Deep Learning Targets Drug Combos for COVID-19
Using computational biology to identify individual therapeutics that might prove effective in the fight against COVID-19 is already a daunting task, with billions of candidate molecules. Throw drug combinations into the mix, and the compounding compounds make the task exponentially more difficult. Researchers have been employing deep learning to help whittle down the lists and identify promising drug combinations, and now, a team from MIT’s Computer Science and Artificial Intelligence Laboratory (CSAIL) has applied a deep learning technique to identify two drug combinations that could help patients recover faster from COVID-19.
“Unfortunately, there are two primary challenges that prevent one from applying existing deep learning approaches to predict therapeutic chemical combinations for emerging pathogens such as SARS-CoV-2,” the researchers wrote. “First, deep neural networks require a large amount of training data with measured synergy scores. While such data are readily available for some diseases such as cancer … the amount of SARS-CoV-2 drug combination data (5) is very limited.”
Second, they wrote, “even the largest combination screen for cancer covers only around 100 different molecules, since the number of pairwise combinations grows quadratically.”
To combat these roadblocks, the researchers developed a deep learning architecture called ComboNet that “jointly models molecular structure, as well as biological targets, for the purpose of predicting synergistic drug combinations,” working under the hypothesis that explicitly modeling the drug-target interactions would decrease the necessity of extensive data on combination synergy.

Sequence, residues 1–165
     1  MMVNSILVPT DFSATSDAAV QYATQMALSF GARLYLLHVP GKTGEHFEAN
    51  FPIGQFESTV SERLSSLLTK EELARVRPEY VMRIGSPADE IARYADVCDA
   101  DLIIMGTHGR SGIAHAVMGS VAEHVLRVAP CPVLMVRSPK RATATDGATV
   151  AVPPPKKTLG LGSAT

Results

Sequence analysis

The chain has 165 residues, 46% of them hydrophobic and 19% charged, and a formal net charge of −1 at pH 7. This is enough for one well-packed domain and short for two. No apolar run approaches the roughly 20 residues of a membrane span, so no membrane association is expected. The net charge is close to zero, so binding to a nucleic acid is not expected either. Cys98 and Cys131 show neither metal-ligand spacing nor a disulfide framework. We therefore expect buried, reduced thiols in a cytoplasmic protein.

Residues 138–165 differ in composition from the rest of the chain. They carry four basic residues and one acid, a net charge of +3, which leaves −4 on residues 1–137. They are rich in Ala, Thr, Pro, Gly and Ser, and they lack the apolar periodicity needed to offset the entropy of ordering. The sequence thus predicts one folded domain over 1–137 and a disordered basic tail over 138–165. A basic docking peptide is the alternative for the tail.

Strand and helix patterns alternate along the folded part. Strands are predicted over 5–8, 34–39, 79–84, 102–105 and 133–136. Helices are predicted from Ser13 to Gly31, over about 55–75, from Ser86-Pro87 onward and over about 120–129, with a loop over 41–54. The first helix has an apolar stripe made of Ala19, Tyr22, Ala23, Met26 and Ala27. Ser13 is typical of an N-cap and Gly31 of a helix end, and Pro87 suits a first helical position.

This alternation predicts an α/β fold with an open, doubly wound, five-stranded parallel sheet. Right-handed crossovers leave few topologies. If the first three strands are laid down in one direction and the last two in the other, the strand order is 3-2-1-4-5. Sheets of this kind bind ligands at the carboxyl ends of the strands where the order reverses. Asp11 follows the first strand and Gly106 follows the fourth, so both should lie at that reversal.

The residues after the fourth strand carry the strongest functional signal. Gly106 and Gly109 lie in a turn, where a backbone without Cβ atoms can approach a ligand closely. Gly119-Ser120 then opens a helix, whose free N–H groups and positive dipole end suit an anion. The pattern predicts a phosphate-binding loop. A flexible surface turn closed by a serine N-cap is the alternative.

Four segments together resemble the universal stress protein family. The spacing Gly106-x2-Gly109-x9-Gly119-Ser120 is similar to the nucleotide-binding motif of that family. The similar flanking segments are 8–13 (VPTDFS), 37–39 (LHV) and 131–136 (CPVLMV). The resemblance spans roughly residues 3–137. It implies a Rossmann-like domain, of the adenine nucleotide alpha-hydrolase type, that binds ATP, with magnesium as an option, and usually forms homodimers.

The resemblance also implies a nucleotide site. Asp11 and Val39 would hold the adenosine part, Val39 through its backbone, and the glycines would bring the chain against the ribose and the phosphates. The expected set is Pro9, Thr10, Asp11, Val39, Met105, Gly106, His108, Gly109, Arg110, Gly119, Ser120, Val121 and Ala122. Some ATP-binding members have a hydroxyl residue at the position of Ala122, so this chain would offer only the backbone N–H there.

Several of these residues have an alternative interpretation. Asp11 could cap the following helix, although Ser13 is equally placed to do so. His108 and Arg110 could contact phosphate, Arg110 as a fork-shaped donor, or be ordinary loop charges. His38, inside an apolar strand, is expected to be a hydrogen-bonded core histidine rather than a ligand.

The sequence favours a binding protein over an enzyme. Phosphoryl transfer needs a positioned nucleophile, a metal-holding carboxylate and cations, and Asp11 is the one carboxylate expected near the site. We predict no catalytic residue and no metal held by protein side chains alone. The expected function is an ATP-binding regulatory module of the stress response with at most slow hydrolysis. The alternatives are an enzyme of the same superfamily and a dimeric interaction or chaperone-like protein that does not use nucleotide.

“By modeling interactions between drugs and biological targets, we can significantly decrease the dependence on combination synergy data,” says Wengong Jin, a postdoc at MIT’s Broad Institute and lead author of the paper. “In contrast to previous approaches using drug-target interaction as fixed descriptors, our method learns to predict drug-target interaction from molecular structures. This is advantageous since a large proportion of compounds have incomplete drug-target interaction information.”
The researchers evaluated ComboNet several ways, including through testing in silico repurposing of 30 tested combinations. Through this testing, they identified two combinations with strong in vitro synergy: remdesivir and reserpine, and remdesivir and IQ-1S.
“In general, ComboNet represents an advance toward predicting novel chemical−chemical synergy for instances where minimal combination training data exist,” the authors wrote. Next, they hope to incorporate additional data on protein interactions and gene regulatory networks. They also plan to investigate the use of active learning, which helps to reduce models’ biases towards certain chemical spaces and increase accuracy.
The research discussed in this article was published as “Deep learning identifies synergistic drug combinations for treating COVID-19” in the September 2021 issue of PNAS. The paper, which is available here, was written by Wengong Jin, Jonathan M. Stokes, Richard T. Eastman, Zina Itkin, Alexey V. Zakharov, James J. Collins, Tommi S. Jaakkola, and Regina Barzilay.